The more I read and the more I learn it seems living intentionally is at the core of this healing journey. Mastering regulating our bodies so we spend less time triggered and activated, more time reflecting on who we are and wish to continue becoming. Here are some tips I think may be helpful:
1. Relax your body. The more we face triggers in a regulated/relaxed state- the more powerful and grounded we become and the more we reclaim our life. Similarly, in the event of emergencies, it’s important we stay calm. Staying calm helps us to be our fastest, strongest, smartest self. Relax your body as often as you can for good practice. Some of my previous posts have examples on how we can regulate/relax our bodies…but if you already know something that has worked for you in the past- start there!
2. Practice intentional language. What we say about ourselves is pervasive. It’s imperative we speak with compassion, gentleness, assertion, and love.
3. Articulate the principles important to you. What are some principles you have or have been passed down to you that you appreciate and hold close to your heart?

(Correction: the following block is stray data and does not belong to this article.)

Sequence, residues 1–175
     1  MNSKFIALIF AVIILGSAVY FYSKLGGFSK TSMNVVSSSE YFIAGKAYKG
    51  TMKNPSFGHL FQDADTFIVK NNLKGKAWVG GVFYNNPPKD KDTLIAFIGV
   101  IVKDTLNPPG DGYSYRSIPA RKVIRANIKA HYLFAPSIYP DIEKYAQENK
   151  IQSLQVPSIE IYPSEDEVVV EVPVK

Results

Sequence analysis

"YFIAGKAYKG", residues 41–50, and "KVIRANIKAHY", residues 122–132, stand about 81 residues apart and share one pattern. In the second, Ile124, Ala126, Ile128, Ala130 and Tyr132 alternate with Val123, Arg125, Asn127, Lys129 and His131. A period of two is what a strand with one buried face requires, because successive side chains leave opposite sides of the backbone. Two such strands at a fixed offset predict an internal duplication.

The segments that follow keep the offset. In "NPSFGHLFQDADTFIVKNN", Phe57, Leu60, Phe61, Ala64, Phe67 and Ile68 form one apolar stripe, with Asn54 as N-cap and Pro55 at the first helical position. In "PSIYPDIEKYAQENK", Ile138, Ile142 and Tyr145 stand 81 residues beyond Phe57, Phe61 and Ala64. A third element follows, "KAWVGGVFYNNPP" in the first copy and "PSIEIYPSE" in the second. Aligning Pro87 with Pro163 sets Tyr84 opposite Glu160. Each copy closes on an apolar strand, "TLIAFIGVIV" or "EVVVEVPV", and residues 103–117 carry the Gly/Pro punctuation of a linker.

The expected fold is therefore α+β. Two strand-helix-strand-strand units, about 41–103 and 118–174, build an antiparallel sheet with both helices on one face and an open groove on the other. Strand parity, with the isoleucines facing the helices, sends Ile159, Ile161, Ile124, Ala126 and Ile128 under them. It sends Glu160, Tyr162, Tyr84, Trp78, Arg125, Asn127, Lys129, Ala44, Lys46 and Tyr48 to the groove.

4. Reflect on where you’re in breach of these principles. Who do you want to be in stressful, triggering situations? What stops you from being that person? What are some things you can do more/less of to move you toward the vision of yourself you see in you. Dialogue with yourself about this.
5. Continue to reflect on societal/systemic internalized messages. This is critical. Whether we are in a place of privilege or not- we all will internalize the messages we grow up around or are told to us. Most of my clients (whom are Latinx/ BIPOC) talk about the internalized messages of not being good enough. Systemic racism is one of the most painful, helpless, enraging experiences. Racial disparities are a thing. Let us never ignore. What’s our role in it? Have we internalized intolerance? Have we internalized racism? Internalized xenophobia? Internalized homophobia? Checking ourselves is part of healing systemically.
6. Remember yourself too. Always. The work is hard. It’s like riding a backwards bicycle. Our procedural memory knows how to ride a bike because it’s learned behavior..but to unlearn and teach a new skill can be trying. Try anyway. Do anyway. Remember you, you are the most important person in your life (or my wish is that you one day will be). Give yourself a part of you, just for you.
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